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Second, is there any chance that you could hire a dogwalker to come take your pup for a hike? I know that's what I've tended to do when (for whatever reason) I have to leave my dog at home all day (normally he comes to work with me). We have a great individual, extremely dog-savvy, who takes a small pack of well-socialized dogs for hikes in the woods that last for hours. He'll collect the dog at noon, return him at 5-6 PM, filthy but exhausted. Dogs who have demonstrated they merit the privilege get to hike off-leash; otherwise he keeps them on-leash. And he only charges $20.

 

Wow. I wish I had someone around here like that to hire for those days where we are just too busy to get out enough. Any chance you could give me a website for him? (PM if you need)

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I routinely leave a 6 month puppy for 8 hours. Mine get a 45 min off leash walk in the morning, I work all day and we train them on sheep or just general manners in the evening.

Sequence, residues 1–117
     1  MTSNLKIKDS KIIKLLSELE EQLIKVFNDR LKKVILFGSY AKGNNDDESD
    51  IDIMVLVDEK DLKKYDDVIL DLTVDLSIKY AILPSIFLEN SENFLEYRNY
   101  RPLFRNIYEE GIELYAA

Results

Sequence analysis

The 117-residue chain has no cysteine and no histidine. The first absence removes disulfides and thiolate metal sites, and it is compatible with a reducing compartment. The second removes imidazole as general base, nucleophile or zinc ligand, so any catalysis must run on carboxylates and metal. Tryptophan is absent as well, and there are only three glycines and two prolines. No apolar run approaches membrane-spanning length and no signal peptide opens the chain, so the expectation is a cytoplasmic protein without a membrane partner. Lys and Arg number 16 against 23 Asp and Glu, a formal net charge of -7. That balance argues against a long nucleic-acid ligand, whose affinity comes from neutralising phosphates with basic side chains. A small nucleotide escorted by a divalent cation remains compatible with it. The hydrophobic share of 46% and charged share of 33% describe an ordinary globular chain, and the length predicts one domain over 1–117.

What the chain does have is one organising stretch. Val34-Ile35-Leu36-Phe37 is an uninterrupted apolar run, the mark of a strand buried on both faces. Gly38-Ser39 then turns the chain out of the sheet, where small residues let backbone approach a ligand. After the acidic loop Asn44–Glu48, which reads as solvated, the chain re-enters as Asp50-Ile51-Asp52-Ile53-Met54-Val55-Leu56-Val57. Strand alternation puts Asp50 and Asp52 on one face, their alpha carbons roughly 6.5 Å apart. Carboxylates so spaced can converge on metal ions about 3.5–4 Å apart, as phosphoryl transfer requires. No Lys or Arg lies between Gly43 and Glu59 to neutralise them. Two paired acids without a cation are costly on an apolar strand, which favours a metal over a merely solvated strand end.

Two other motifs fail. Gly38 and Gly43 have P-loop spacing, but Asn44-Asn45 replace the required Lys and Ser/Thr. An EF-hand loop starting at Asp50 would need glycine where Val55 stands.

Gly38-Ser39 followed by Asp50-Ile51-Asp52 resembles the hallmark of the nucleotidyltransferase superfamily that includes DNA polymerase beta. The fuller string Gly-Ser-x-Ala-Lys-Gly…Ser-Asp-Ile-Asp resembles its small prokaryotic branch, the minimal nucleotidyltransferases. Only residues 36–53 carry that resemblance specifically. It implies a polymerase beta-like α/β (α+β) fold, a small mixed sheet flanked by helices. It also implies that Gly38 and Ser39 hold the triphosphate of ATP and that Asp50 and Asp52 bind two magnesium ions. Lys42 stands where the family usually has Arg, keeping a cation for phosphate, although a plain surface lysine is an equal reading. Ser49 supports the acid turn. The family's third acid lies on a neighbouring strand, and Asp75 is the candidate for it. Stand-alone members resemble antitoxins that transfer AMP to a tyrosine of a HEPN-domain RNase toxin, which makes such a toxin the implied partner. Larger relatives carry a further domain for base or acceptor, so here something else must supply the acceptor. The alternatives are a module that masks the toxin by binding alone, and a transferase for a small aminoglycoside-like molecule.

A dogwalker is a great idea if you can't get the exercise and training. Leaving them in the back yard will lead to some bad habits.

 

If he can hold it all night in the crate the daytime will be fine too.

 

Good luck...and pictures!

 

Cynthia

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Wow. I wish I had someone around here like that to hire for those days where we are just too busy to get out enough. Any chance you could give me a website for him? (PM if you need)

 

Waffles, I don't think Jon has a website ... people find him via word of mouth. But western NY is bound to be a pretty far haul from Baltimore!

 

Here's how I found him: I kept running into him when I was hiking, and we chatted (and hiked together) on a number of occasions. I was impressed by how he interacted with dogs, as well as the way he treated everyone (his staff and people he met) with respect. Got to know some of his dogs well enough to recognize them when they were hiking with their real owners. I asked several of them about the dogwalker they used, then contacted him.

 

Duncan also stays with him on the rare occasion when we're out of town and can't take him with us. Less stressful than staying in a kennel.